So, you’ve decided to raise chickens.
You know what you want out of your new venture, considered how much space you have for your hens and confirmed that you will be abiding by local laws.
The next step on your journey as a back-yard chicken carer is to make sure you have all your new flock will need to live healthy, happy lives. And this will depend somewhat upon the age of birds that you will be caring for.
Chicks, pullets or hens?
When looking to get your new flock off the ground (excuse the pun as chickens can’t actually fly!), a major choice you will need to make is whether to purchase mature hens, pullets or newly hatched chicks.
While tiny chicks are adorable and it’s incredibly rewarding seeing them grow into a mature, egg-laying hen, raising chicks also requires a lot more time, effort and money to ensure they have everything they need to grow and develop.
When looking to purchase new chicks, you will need:
- a safe, clean, draft free room where they will be able to relax and feel safe
- heat lamps
- litter or shavings for the floor
- feeders and chick starter feed
- waterers and clean, fresh water
- to make sure the chicks you buy are from a credible U.S. Pullorum-Typhoid Clean hatchery that vaccinates chicks for Marek’s Disease or a hatchery that participates in the NPIP (National Poultry Improvement Plan) program.
If you opt for pullets or adult hens, their immediate needs will be similar, but on a slightly grander scale. You will need:
- a safe home – the chicken coup
- a safe run / garden / backyard
- suitable bedding
- nest boxes
- food dishes and appropriate chicken feed
- water dishes and clean water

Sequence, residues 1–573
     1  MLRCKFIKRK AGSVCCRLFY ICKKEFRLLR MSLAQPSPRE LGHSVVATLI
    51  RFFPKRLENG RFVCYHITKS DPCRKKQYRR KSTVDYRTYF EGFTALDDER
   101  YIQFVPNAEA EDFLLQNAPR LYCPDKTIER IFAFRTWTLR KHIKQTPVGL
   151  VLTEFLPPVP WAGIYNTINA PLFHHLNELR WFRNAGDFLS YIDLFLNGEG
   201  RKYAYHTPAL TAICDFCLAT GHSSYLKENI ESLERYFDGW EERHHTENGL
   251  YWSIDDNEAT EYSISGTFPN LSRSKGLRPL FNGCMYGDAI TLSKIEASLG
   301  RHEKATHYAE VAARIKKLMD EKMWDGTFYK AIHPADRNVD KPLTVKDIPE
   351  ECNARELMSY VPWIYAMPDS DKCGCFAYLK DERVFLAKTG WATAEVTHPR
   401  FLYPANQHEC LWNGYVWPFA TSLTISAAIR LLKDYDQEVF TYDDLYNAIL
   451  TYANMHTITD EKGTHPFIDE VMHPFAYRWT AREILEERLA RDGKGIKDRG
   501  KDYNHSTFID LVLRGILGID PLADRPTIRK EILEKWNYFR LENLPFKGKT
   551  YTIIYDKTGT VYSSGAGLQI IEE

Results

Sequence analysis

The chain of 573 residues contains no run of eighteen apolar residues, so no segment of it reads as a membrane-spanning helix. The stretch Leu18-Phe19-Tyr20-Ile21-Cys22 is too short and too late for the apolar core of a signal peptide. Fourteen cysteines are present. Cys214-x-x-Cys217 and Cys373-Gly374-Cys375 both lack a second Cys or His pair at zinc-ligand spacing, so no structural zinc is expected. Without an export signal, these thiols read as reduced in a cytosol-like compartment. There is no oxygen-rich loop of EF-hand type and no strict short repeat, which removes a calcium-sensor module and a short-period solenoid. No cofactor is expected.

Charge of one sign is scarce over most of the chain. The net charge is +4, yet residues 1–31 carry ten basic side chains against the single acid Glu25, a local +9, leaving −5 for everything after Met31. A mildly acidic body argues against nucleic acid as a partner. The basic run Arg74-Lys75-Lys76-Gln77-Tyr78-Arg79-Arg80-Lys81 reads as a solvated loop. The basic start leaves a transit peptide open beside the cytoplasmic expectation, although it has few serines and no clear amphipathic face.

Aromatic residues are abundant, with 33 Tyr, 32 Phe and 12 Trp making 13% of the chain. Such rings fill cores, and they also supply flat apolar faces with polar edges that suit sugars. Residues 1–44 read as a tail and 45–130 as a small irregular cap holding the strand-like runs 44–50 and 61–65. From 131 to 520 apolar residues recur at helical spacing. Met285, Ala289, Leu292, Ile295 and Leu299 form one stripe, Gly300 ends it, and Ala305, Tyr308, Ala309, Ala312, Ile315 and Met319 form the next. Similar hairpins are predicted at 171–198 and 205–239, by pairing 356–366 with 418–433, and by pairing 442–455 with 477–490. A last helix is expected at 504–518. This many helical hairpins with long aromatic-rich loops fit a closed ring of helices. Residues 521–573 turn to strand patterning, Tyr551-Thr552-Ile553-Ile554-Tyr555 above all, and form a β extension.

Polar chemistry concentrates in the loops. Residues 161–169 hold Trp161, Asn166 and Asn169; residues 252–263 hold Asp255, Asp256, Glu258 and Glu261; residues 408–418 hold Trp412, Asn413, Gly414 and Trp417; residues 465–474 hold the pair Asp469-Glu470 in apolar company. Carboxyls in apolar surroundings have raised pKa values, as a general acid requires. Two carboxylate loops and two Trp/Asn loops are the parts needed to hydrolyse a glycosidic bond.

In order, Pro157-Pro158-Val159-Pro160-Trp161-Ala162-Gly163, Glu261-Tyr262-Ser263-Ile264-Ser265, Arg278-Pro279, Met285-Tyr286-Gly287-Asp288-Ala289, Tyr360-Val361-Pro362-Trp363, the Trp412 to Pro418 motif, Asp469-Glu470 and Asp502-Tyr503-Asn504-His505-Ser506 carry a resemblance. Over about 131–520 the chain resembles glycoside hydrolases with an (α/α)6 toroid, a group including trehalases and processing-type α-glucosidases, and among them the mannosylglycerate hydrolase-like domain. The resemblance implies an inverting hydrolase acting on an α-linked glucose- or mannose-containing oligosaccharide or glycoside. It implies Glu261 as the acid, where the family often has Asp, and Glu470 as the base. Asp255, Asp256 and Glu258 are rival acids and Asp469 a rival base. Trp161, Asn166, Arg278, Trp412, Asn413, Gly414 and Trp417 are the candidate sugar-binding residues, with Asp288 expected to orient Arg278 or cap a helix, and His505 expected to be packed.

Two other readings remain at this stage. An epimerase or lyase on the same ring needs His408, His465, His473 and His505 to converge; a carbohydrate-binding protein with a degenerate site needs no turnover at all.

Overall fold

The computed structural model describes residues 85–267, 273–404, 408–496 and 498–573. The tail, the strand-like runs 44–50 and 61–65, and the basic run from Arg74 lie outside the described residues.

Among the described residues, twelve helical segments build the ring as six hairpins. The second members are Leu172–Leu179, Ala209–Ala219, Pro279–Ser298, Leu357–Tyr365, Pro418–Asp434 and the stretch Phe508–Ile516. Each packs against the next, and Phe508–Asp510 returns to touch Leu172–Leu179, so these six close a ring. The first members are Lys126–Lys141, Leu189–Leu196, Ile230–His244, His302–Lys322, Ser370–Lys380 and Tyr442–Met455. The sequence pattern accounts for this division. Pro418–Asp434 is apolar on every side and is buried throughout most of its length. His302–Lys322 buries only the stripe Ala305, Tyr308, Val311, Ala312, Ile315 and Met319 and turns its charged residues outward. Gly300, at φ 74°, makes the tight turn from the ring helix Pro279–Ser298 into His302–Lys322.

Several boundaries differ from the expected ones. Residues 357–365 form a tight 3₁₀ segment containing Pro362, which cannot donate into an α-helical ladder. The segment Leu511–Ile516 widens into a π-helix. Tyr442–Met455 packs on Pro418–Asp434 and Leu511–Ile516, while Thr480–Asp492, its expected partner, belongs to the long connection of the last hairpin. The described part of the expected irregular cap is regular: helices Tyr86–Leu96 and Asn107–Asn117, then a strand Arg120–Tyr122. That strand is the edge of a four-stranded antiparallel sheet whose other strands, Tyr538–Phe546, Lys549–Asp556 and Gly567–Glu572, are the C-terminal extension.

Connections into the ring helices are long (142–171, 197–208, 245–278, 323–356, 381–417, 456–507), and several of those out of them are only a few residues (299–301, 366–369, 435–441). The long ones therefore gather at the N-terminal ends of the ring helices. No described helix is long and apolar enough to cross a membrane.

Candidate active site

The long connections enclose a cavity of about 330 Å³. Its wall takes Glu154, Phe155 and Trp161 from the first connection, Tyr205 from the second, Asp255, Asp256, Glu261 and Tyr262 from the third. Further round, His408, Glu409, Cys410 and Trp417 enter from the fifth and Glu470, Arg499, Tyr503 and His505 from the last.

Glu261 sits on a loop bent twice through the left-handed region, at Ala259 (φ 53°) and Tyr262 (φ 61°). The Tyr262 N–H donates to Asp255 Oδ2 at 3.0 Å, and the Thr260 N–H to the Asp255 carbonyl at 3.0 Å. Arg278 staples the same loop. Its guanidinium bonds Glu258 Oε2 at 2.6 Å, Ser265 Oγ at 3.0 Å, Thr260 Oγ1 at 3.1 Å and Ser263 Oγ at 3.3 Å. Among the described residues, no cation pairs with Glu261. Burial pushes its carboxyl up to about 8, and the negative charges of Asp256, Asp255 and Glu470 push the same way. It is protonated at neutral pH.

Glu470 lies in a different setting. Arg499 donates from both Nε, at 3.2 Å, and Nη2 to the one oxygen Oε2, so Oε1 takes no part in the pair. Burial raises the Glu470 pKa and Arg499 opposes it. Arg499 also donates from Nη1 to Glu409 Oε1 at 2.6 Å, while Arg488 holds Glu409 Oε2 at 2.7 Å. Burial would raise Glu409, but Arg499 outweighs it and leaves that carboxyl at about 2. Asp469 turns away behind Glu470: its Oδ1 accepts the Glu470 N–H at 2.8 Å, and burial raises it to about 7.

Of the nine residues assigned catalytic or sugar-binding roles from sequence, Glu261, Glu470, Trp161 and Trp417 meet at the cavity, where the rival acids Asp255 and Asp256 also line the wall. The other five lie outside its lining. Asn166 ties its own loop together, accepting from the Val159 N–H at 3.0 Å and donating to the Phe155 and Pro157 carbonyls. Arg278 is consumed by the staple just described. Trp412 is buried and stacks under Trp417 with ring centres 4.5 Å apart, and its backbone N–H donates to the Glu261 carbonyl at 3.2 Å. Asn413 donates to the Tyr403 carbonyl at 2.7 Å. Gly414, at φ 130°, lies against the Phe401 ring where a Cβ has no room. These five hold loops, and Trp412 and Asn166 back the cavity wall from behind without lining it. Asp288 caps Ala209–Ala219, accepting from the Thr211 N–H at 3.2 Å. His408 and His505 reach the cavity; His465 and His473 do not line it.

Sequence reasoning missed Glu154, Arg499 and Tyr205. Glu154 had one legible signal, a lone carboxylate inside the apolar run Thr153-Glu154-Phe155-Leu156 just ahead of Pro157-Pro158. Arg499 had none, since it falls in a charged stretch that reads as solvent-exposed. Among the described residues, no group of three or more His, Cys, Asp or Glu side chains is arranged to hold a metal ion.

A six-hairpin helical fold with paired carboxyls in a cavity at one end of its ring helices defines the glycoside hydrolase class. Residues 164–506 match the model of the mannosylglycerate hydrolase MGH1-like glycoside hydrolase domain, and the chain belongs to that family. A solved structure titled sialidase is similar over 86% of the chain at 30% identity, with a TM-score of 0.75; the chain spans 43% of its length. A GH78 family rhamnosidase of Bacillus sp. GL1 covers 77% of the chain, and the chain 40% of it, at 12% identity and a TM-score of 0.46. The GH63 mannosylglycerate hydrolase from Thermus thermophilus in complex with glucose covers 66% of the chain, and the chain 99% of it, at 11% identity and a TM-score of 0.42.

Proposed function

Welcoming your new chicks home
There are several key things that you must provide for your new chicks to ensure they have all they need to grow and develop.
1) A clean, draft-proof brooder pen. Buy or build your own
2) Warmth – Use a thermometer to get your temperatures right and remember that as your chicks grow you will need to adjust the temperature in the brooder
3) Water – clean, fresh water should be available for your new chicks, but without a mother hen to teach chicks to drink, you may need to show them.
4) Good Food: good quality complete feed, fed according to recommendations. And , if you can, go organic.
5) Consistent lighting – a hen’s routine operates around daylight so familiarise yourself with what they require for their own stage of growth for optimum egg laying.
6) Bird handling: Build a bond with your chicks by gently holding and petting them each day. Be sure to wash your hands with soap and water before and after handling the chicks though, for your health and theirs.
Keep it clean
It’s vital that you keep the chicks’ home clean and dry, including bedding and feeders, whilst also keeping their waterers clean, fresh and debris-free.
Listen to your chicks:
When everything is right, chicks will emit a soft cheeping. A chick that is stressed will have a shrill, higher pitched or very rapid cheep. Translate this as a call for help and look for what could be the problem. Are the chicks too hot or cold? Is their litter wet? Or are they hungry?
From Brooder to Coop – 6- 8 weeks
Once your chicks start to grow up (or if you opted for young hens rather than fully mature, adult birds, it’s important to understand how their needs will change as they grow.